Article by Atul Gawande, published in The New York Times
A COUPLE of years ago, I got a call from the husband of Peg Bachelder, my daughter Hunter’s piano teacher. “Peg’s in the hospital,” Martin said.
She’d been treated in 2010 for a rare pelvic cancer requiring chemotherapy, radiation and radical surgery.
She returned to teaching and refilled her student roster in no time. She was in her early 60s, tall, with a lovely, gentle way that made her immensely popular. Two years later, however, she developed a leukemia-like malignancy caused by her treatment. She went back on chemotherapy but somehow kept teaching. Then for two straight weeks, Peg postponed Hunter’s lessons. That was when I got Martin’s call from the hospital.
He put his cell on speaker for Peg. She sounded weak and spoke in long pauses. She said the leukemia treatment was not working. It had impaired her immune system, however, making her sick with fevers and an infection. Imaging also showed that her original cancer had come back in her hip and liver. The recurrent disease caused immobilizing hip pain and made her incontinent. That was when she checked into the hospital. She didn’t know what to do.
What had the doctors said they could do? I asked.
Article by Pamela Belluck, published in The New York Times
DUNDEE, N.Y. — Five years after it exploded into a political conflagration over “death panels,” the issue of paying doctors to talk to patients about end-of-life care is making a comeback, and such sessions may be covered for the 50 million Americans on Medicare as early as next year.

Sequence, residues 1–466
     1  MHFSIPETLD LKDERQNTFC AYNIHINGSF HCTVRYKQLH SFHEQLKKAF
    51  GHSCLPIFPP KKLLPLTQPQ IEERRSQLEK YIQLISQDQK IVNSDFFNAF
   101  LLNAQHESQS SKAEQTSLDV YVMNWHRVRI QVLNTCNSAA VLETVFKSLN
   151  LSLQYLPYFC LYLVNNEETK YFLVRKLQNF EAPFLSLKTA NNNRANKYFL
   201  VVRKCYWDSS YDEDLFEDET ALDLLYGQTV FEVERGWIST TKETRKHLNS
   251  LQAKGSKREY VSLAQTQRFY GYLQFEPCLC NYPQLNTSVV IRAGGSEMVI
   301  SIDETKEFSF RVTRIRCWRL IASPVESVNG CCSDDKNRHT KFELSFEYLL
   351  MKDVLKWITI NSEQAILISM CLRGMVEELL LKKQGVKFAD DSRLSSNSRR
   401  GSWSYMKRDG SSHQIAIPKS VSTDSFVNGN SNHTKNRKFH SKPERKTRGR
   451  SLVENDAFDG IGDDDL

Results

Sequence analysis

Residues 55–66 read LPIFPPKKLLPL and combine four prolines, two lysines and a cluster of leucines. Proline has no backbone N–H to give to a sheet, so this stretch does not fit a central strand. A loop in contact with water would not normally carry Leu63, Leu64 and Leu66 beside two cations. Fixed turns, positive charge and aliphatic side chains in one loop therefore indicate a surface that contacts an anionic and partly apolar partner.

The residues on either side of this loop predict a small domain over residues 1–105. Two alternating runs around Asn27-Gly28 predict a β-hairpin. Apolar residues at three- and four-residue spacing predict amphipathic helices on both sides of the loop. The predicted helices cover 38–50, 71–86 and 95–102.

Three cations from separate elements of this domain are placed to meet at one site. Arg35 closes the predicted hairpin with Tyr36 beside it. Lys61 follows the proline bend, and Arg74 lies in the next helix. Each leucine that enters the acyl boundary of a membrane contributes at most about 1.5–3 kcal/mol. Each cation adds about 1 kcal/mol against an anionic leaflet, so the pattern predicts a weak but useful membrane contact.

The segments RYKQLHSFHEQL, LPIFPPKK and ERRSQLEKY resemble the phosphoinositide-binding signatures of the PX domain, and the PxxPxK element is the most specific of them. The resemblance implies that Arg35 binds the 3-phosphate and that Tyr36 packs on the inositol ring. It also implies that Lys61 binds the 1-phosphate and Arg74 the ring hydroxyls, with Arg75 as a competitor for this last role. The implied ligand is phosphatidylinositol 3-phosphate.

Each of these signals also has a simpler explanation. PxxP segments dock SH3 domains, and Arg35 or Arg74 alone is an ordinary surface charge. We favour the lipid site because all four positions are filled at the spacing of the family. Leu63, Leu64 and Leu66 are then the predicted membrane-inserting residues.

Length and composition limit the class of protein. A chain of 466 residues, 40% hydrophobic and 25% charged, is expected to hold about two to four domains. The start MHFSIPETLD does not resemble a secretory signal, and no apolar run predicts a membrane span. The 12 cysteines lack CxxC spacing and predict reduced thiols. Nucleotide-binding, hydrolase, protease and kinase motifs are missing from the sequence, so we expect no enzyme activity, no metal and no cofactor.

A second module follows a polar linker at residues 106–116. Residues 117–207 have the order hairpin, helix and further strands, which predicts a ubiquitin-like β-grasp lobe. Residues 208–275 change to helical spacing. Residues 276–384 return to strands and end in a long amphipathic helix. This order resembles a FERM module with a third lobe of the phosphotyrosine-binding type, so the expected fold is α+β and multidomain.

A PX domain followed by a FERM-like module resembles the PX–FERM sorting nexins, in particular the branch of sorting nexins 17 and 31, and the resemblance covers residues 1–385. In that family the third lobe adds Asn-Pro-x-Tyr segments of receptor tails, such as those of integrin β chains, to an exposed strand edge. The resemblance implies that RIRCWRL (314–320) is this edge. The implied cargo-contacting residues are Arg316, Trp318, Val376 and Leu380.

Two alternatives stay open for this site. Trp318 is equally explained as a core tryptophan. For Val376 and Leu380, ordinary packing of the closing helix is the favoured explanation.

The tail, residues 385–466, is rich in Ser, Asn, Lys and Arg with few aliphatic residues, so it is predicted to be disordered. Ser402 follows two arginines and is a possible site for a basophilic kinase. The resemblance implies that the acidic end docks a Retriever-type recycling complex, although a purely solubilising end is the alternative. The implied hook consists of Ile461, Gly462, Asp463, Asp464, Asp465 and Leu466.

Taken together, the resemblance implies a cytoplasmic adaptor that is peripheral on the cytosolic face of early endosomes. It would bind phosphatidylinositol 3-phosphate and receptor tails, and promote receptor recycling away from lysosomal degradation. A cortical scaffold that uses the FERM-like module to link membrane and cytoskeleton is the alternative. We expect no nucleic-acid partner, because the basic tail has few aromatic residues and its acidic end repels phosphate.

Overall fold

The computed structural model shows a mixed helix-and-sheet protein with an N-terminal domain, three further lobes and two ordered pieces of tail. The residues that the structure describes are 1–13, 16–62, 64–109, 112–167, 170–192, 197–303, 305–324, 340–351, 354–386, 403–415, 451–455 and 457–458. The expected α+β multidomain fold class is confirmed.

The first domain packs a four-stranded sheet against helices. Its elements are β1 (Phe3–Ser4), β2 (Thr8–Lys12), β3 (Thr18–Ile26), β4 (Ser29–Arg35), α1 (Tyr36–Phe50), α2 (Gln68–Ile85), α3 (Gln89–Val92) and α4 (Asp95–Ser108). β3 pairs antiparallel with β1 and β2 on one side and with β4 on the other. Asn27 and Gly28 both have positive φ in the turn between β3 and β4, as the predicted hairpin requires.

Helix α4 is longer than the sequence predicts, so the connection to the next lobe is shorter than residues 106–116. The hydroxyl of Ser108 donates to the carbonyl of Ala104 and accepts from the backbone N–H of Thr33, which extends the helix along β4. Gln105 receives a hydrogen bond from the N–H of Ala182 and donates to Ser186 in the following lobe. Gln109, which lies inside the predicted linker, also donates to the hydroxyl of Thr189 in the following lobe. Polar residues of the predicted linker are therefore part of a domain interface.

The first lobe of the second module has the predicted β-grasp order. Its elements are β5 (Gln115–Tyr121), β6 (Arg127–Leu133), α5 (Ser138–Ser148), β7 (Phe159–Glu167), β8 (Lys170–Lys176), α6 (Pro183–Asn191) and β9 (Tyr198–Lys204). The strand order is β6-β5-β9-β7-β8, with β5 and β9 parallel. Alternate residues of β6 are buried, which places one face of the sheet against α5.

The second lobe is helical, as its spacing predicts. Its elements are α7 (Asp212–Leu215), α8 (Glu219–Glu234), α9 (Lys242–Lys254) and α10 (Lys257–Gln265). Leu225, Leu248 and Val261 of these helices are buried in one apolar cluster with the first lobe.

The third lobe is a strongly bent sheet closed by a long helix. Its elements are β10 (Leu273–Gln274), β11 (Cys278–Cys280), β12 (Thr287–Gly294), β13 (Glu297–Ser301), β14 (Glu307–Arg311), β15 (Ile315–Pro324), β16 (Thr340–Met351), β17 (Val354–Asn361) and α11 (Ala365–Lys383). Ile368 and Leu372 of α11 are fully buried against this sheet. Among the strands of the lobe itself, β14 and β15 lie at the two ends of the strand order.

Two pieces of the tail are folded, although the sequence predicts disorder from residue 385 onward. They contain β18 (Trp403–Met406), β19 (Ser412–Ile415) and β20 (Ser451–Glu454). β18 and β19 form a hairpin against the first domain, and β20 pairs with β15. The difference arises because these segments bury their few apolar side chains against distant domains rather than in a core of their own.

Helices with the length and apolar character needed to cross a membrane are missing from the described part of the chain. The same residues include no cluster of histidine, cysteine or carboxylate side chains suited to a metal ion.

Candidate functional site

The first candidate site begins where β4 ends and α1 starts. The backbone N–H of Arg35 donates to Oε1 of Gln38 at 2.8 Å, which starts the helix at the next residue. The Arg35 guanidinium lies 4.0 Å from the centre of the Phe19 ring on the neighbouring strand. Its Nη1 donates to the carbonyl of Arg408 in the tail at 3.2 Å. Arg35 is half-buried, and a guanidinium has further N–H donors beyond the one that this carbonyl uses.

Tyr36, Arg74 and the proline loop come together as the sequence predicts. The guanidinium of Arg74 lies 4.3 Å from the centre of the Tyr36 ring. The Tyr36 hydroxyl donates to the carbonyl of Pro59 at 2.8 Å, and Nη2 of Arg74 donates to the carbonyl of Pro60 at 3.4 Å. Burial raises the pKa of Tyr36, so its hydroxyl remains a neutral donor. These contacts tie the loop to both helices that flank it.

Bypassing the political process, private insurers have begun reimbursing doctors for these “advance care planning” conversations as interest in them rises along with the number of aging Americans. People are living longer with illnesses, and many want more input into how they will spend their final days, including whether they want to die at home or in the hospital, and whether they want full-fledged life-sustaining treatment, just pain relief or something in between. Some states, including Colorado and Oregon, recently began covering the sessions for Medicaid patients.
But far more significant, Medicare may begin covering end-of-life discussions next year if it approves a recent request from the American Medical Association, the country’s largest association of physicians and medical students. One of the A.M.A.’s roles is to create billing codes for medical services, codes used by doctors, hospitals and insurers. It recently created codes for end-of-life conversations and submitted them to Medicare.